[Advaita-l] RE: Advaita-l Digest, Vol 9, Issue 24

venkat ramanan krishnan krish_venks at hotmail.com
Wed Jan 28 17:33:15 CST 2004


Thank you, Sri Sanjay, for your elaborate mail. I must confess though that 
my doubt still remains. I have a few more now after your mail.

1)The brahmaloka doesn't really exist, does it? Its only our Maya which 
makes us think of all that. Neither do the deities(starting from Vishnu and 
downwards) (as soon as a person has the knowledge that there is no duality )

2)That being the case, can we say that Bhakti is more like a psychological 
effect on the soul? with no actual changes taking place anywhere. Favour of 
deities, boons and demons can be metaphoraically compared to a person who 
thinks something is wrong with him, conjures up a doctor mentally, thinks he 
is being cured by the doctor(a deity if the doctor gives a sweet medicine, a 
demon if the doctor gives him a sour medicine, but both for his own good), 
and finally realizing that there was nothing wrong in him, that there was no 
doctor, that everything was a hallucination(maya)
  Or, can we say that the soul starts from the point of veneration of some 
deities which possess some ideals (that the soul thinks is not in itself), 
and then proceeds to higher ideals(deities) till finally reaching a point of 
saturation, where it has everything and realizes that there is nothing more, 
and that it had everything in it all along.( knowledge, truth and infinity). 
All this is essentially psychological for the soul, since the soul has been 
in that state(brahman) all along and only doesnt think so.

3)If so, my question as to wether great Acharyas like Shankara, Padmapada 
etc followed bhakti only as an example for the masses to follow, and not for 
themselves still remains?
( Since, knowledge (of the soul's nonduality) itself is mukti, they should 
have already realized identity with Brahman. And if they have realized 
Brahman, there is no further question of action(bhakti, in this case). )

Finally, what is meant by pralaya? How does Advaita explain the creation and 
destruction of the universe philosophically?  Why does the Brahman delude 
itself into thinking that it is many, time and again, and that its many 
parts are imperfect each trying for perfection ?

If all these are points which have discussed previously in this list, please 
do let me know.



>Reply-To: sanjay1297 at yahoo.com, A discussion group for Advaita Vedanta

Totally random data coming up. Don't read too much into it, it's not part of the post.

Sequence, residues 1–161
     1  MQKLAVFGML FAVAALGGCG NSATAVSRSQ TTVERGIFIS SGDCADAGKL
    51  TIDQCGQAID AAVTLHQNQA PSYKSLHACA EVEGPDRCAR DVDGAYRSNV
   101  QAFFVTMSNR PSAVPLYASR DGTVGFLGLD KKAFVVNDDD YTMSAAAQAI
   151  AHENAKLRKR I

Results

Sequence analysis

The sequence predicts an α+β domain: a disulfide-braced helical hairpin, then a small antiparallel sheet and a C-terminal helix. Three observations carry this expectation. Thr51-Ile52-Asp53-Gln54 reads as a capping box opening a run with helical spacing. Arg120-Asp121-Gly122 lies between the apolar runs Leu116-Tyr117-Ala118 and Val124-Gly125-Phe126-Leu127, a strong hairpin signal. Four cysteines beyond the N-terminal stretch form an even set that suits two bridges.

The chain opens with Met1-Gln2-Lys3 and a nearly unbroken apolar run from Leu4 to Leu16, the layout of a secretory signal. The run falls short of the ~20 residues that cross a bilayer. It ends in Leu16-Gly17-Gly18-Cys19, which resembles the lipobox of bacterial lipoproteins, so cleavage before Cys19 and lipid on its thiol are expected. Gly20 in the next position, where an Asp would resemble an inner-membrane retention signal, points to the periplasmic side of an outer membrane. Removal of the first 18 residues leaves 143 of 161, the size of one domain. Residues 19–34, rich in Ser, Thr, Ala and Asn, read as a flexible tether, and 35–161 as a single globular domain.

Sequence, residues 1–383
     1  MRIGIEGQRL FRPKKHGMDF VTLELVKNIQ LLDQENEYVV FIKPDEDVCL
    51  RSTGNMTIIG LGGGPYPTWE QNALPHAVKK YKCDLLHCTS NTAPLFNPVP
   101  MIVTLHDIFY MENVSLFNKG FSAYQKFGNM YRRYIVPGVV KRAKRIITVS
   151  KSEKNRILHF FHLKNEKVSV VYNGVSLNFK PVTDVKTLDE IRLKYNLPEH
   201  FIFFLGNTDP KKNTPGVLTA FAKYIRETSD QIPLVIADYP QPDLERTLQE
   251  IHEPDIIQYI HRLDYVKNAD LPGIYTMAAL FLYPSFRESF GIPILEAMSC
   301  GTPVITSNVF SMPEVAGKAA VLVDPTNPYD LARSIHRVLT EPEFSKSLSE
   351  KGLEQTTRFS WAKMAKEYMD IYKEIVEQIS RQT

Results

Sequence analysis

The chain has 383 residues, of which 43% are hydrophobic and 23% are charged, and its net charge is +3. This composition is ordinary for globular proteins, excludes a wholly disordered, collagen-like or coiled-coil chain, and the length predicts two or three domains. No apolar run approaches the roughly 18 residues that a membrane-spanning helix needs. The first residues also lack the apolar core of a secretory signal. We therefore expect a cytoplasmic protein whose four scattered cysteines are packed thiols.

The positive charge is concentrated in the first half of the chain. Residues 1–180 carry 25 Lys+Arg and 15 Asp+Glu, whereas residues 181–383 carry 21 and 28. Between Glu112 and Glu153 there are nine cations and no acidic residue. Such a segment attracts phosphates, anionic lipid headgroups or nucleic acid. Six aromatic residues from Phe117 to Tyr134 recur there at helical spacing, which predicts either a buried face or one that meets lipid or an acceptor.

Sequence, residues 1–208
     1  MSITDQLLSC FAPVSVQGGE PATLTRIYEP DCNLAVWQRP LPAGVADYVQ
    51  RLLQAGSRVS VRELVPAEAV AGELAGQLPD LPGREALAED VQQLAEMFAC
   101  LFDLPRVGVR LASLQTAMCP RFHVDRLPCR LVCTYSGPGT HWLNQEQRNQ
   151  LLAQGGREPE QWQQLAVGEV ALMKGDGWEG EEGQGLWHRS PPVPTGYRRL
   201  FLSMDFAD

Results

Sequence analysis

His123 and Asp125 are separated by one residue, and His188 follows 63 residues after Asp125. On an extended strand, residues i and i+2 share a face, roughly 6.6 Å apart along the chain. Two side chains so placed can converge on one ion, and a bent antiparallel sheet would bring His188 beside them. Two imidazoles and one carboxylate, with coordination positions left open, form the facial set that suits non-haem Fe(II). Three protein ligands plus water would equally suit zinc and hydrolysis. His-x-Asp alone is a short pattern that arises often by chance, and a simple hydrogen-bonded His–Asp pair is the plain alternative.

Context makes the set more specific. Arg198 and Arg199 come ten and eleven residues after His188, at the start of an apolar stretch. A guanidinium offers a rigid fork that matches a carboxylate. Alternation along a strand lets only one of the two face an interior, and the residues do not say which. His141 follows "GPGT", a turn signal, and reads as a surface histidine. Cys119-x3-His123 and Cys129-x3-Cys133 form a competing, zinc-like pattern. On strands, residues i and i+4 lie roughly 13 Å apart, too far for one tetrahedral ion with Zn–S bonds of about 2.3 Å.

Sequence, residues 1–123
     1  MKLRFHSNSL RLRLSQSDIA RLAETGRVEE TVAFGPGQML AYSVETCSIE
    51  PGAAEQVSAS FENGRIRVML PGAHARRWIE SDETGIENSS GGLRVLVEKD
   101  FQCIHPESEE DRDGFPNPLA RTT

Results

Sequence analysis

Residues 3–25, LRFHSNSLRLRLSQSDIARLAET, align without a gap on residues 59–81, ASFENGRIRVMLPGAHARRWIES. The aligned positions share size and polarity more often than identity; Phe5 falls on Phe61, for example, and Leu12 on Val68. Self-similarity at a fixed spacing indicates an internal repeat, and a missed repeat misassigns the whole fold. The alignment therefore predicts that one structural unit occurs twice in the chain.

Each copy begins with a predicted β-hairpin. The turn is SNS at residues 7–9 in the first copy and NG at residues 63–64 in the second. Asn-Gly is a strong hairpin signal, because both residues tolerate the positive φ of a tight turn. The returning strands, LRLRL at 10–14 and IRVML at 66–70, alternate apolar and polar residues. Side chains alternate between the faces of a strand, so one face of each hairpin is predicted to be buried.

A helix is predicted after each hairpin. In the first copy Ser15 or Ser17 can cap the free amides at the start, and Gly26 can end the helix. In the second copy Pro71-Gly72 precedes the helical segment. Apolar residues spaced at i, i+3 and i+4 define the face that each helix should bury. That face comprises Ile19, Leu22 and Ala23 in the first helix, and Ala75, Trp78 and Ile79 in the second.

>	<advaita-l at lists.advaita-vedanta.org>
>Pranam... Namaste,
>Adi Shankaracharya states that upasana (worship of Saguna Brahman or using 
>other symbols) is to be employed by the Advaitin for the purpose of 
>increasing concentration -- but not to accept the presupposition of duality 
>that is implied therein. If it is employed as a means to an end, then it 
>verily leads one on toward jivanmukti. However, if upasana is an end in 
>itself (as in the bhakti traditions) then we have the situation as 
>previously discussed with reference to BG 8:24 where the sadhaka goes first 
>to Brahmaloka (via the path of the gods) and is completely liberated only 
>at the dissolution of the material universe.
>In the BS IV.i.4 (and the sutras immediately before and after it), Adi 
>Shankaracharya clearly encourages meditations on symbols so long as one 
>does not identify oneself with that symbol (which is the goal of the bhakti 
>traditions -- identification with Saguna Brahman).
>However, with that said, paying homage to the various deities has an 
>important role in one's spiritual growth. In the Acharya's commentary of 
>the first verse of the Taittiriya Upanishad ("Om Shanno Mitrah sham 
>Varunah...") he states:
>"These are the deities in the context of the body. The expression, may he 
>be blissful to us, is to be connected with all. Since the comprehension, 
>retention, and communication of the knowledge of Brahman can proceed 
>without hindrance when the gods are benevolent, their benignity is being 
>prayed for by saying, Sam nah bhatu, etc.".
>Om Shanti Shanti Shanti

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